Transcripts for IL-1 could not reliably be detected, as they were filtered out of the analysis due to low expression, as previously described for many cytokine transcripts [18]. However the IL-1 signaling pathways were examined by a candidate gene approach and ingenuity pathway analysis (IPA) (Fig. 4B and Fig. S4). In LS tissues, the gene expression for the IL-1 Type1 receptor was significantly downregulated, which is in contrast to upregulation for the anti-inflammatory receptor SIGIRR, known to suppress the IL-1 receptor pathway [19]. The expression of key signaling molecules of the IL-1R1/TLR was also downregulated including IRAK-4, TRAF6 and PDCD4. In contrast, gene expression for the negative regulators, suppressor of cytokine signaling (SOCS) 1 and also SOCS3 (the latter not statistically significant), were most upregulated in LS tissues. Molecules associated with signaling through Type I and II cytokine receptors such as STAT3 and Jak1 and 2, but not STAT1 and STAT4, were all significantly downregulated in LS tissues (Fig. 4C). Gene expression for IFNγRI and IFNαRI receptor chains were most significantly downregulated in LS tissue (Fig. 4D). IPA analysis confirmed that many genes in the IL-1 and JAK/STAT signaling canonical pathways were significantly downregulated in LS skin (shown in green with upregulated genes in red, Fig. S4).

Expression of chemokines was variable (Fig. 4E). Neutrophil chemokines IL-8 (Fig. 4A) and the CXC chemokine CXCL2/GROβ/MIP2 (Fig. 4E) were upregulated in LS tissue [20], [21]. CCL3/MIP1α, a chemokine for inflammatory monocytes that is often upregulated in IL-1-mediated diseases [21], was also increased in LS skin. The CC chemokine CCL20/MIP3α, which can be produced by neutrophils and is a chemotactic factor for CCR6+ T cells, B cells, and dendritic cells [22], [23] was also upregulated in LS tissue. In contrast, broad chemokines CXCL14 and CXCL12 [20] were both downregulated in LS skin. Finally, regulatory macrophages may be induced by adenosine, dopamine, histamine, sphingosine-1-phosphate, melanocortin, vasoactive intestinal peptide, adiponectin and Siglec-9 (reviewed in [24]). Gene expression for the receptors for many of these agents were increased in LS skin (Fig. 4F), suggesting an environment in LS skin conducive to induce regulatory macrophages that can limit inflammation.

Canonical pathways that were differentially regulated in the different NOMID tissue states may be involved in tissue homeostasis

IPA was used to identify pathways that were significantly over-represented by the DEGs in the comparison of interest (Table S3). The pathways represented by the differentially upregulated genes in LS versus normal tissues included acute phase response signaling, amyloid processing, IL-6 and IL-17 signaling and Wntβ/catenin signaling pathways. Although these pathways were significantly over-represented by upregulated DEGs in LS tissues, it should be pointed out that in all these pathways a large number of DEGs were individually downregulated, significantly so in the acute phase response signaling, IL-6 signaling and IL-17 signaling pathways. Hence, genes in these pathways were both upregulated and downregulated, suggesting that in the presence of active inflammation there is “an effort” to dampen the impact of inflammation.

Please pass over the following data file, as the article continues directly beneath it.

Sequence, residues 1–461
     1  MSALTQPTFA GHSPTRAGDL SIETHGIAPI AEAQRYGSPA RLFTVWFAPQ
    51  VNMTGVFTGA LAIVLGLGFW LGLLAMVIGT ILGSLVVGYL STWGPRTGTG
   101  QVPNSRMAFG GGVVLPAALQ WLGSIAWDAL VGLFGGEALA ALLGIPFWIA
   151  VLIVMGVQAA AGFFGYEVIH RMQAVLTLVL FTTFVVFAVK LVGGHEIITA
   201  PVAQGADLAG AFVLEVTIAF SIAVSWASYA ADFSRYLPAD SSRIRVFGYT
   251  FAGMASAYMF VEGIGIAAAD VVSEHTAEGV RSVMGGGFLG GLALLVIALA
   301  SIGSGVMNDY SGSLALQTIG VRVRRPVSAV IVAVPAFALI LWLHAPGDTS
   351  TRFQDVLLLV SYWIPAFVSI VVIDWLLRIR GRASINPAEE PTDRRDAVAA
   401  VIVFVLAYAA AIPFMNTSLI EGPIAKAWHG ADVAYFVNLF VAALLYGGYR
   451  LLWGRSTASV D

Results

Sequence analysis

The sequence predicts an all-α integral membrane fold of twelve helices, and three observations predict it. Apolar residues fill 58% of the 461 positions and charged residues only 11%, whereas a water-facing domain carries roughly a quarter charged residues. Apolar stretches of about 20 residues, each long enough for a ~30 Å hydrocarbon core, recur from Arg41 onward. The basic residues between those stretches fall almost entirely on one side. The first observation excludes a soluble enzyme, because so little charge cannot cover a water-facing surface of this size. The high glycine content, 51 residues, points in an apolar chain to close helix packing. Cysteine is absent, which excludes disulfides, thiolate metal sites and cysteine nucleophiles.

The rash severity in NOMID may fluctuate significantly from an involved area to a clinically normal area, before treatment with anakinra or any other therapy including steroids (Fig. S5). These states are represented by LS and pre-NL skin biopsies, and DEGs are presented in Table S1. Only 76 unique genes were up-regulated in LS skin compared to pre-NL skin, yet there were over 20 times more downregulated genes in LS skin compared to pre-NL skin (1632 genes). Key genes that were upregulated in LS skin included two α-defensins (DEFA1 and DEFA3), which are abundant in neutrophils, other proinflammatory cytokines such as IL-6, IL-8, and the anti-apoptotic mediator BCL2A1. We hypothesized that the genes downregulated in LS tissue may provide an understanding of the processes that lead to resolution of the inflammatory skin lesion (conversion from LS to pre-NL skin). The top canonical pathways that were represented by these differentially downregulated genes (Table 3SB) are suggestive of: 1. epigenetic modification, (i.e. DNA Methylation and Transcriptional Repression Signaling, Cleavage and Polyadenylation of Pre-mRNA, Protein Ubiquitination Pathway); 2. modification of mitochondrial function, (i.e. Oxidative Phosphorylation and Mitochondrial Dysfunction (Fig. S6A); 3. cell transport (i.e. Clathrin-mediated Endocytosis Signaling); and 4. a mechanism that serves to maintain intracellular redox homeostasis and limit oxidative damage (i.e. NRF2-mediated Oxidative Stress Response). In addition, genes in pathways that are associated with antigen presentation, MHC class I and class II genes including β2 microglobulin for MHC class I, and the invariant chain (Ii) respectively, were significantly downregulated. Components of the constitutive and induced proteasomes which are involved in protein degradation and antigen presentation were also mostly downregulated [25] (Fig. S6B and Fig. S6C).